Load-shedding continued to plague South Africa this month, and one of the reasons for Eskom’s electricity shortage is the damage caused to burners by poor-quality coal.
Cosatu General Secretary Bheki Ntshalintshali recently said rocks instead of coal were supplied to one of Eskom’s power stations, which caused damage to the burners.
This damage caused unplanned outages and electricity shortages which forced Eskom to implement load-shedding.
An Eskom engineer working at a power station confirmed that poor-quality coal which contains rocks caused serious damage to their equipment.
He added that in December, four of the six turbines at the power station he works at were seized up because of this problem.
“The piping that is supposed to transfer steam to the turbines from the boilers has ruptured due to the wrong grade of coal being used, that contains rocks that have exploded,” he said.
Rocks sold as coal
SABC News recently published photos of rocks which one of Eskom’s suppliers were trying to sell to the power utility as coal.
LontohCoal CEO Tshepo Kgadima told SABC News that the photos came from trucks which tried to deliver these rocks as coal to Eskom’s Hendrina Power Station in Mpumalanga.
“That is not coal. That is a lump of crushed rock which cannot be milled and cannot combust under any circumstances,” said Kgadima.
He said these trucks were thankfully turned away, but added that it highlights the challenges which exist at Eskom’s power stations.
“How is it possible that the power plant operators do not know the geological conditions of the mines where they are supposed to get their coal from?” he asked.
These rocks are shown below.
By Emma Featherstone for The Guardian
If you go down to the beach today, you may get a surprise: a smooth pebble painted with a colourful picture (cartoon characters and animals are common) or uplifting message.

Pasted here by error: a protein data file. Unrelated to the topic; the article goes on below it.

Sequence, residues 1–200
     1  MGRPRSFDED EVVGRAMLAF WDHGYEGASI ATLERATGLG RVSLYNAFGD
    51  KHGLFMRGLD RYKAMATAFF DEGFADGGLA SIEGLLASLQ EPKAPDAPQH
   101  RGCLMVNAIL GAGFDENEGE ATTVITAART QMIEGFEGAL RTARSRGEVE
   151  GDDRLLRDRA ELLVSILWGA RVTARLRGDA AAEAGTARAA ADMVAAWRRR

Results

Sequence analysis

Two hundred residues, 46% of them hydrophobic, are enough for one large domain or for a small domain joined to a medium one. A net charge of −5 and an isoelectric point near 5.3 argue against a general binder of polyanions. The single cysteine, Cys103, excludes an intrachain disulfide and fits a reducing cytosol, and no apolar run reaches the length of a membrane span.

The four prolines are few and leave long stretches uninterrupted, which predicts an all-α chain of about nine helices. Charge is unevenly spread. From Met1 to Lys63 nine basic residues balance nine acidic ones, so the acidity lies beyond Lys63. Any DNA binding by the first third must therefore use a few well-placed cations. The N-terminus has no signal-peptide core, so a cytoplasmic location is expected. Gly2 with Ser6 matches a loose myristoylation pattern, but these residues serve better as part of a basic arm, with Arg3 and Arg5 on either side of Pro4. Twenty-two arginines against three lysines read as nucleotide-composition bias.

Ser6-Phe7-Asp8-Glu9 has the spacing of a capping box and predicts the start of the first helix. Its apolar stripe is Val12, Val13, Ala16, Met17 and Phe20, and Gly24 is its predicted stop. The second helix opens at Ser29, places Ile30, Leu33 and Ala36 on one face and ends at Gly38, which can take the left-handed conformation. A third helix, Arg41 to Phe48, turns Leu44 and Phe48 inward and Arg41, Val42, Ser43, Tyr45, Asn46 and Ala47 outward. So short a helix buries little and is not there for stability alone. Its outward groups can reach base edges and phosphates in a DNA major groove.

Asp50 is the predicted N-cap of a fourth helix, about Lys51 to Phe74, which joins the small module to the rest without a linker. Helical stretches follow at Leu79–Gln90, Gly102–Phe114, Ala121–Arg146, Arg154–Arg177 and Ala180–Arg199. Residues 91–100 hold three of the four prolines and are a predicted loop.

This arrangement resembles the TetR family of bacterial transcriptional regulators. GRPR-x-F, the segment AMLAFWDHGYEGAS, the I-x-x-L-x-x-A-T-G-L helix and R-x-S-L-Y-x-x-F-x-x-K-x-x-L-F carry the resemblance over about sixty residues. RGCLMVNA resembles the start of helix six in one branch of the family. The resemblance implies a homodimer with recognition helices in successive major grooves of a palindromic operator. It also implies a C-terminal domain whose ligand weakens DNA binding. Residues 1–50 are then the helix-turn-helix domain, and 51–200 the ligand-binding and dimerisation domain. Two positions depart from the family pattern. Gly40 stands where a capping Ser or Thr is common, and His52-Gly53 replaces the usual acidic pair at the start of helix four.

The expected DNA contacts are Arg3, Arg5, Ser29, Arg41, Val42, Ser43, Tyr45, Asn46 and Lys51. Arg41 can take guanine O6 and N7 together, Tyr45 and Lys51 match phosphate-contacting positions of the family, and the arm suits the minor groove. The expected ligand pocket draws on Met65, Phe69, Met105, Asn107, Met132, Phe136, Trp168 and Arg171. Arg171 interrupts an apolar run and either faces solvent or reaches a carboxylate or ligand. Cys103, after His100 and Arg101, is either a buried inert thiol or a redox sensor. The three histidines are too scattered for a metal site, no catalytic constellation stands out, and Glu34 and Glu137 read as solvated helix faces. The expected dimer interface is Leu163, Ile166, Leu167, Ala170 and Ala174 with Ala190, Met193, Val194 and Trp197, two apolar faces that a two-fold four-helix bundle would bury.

Pebble painting, or “rocking”, is a craze that seems to have begun in the US with Megan Murphy’s The Kindness Rocks Project. She came up with the idea after collecting heart-shaped stones and pieces of sea-smoothed glass from the beach, seeing them as “rare treasures or signs and messages” from her deceased parents. “Finding them made me happy and I wanted to provide others with a similar experience.”
Now, a thriving international community of amateur artists decorates rocks before hiding them in public places.
The UK-based Facebook group Love on the Rocks has amassed more than 64,000 members since Vicki Poledoles Stansfield, from Essex, started it a year ago. “I suffer with anxiety and I was looking for a quiet hobby with no skills, that was free, and that I could do at 2am when my mind is racing,” she says.
Jacky Burns, who lives in Morecambe, is another enthusiast. She has some tips for first-timers: “Decorate a pebble using acrylic paint or permanent pens, then seal it against the weather (using clear nail polish or varnish) and write the name [of a dedicated Facebook group] on the back. Hide it in a safe place and wait for someone to find it and post on your group, then watch its journey.”
Some rocks have crossed continents, like the one found by Ian Hines in a south London park, which he later left in Morocco. Others spread a message.
Nikki Lunn, from Stockport, has planned a tribute for the victims of the Manchester Arena attack. With council permission, she is encouraging people to leave rocks painted with the symbolic worker bee and the hashtag #lovemcr in certain city spots on 22 May.
What is it about the movement that has captured people’s imagination? “People are looking to connect with one another,” says Murphy.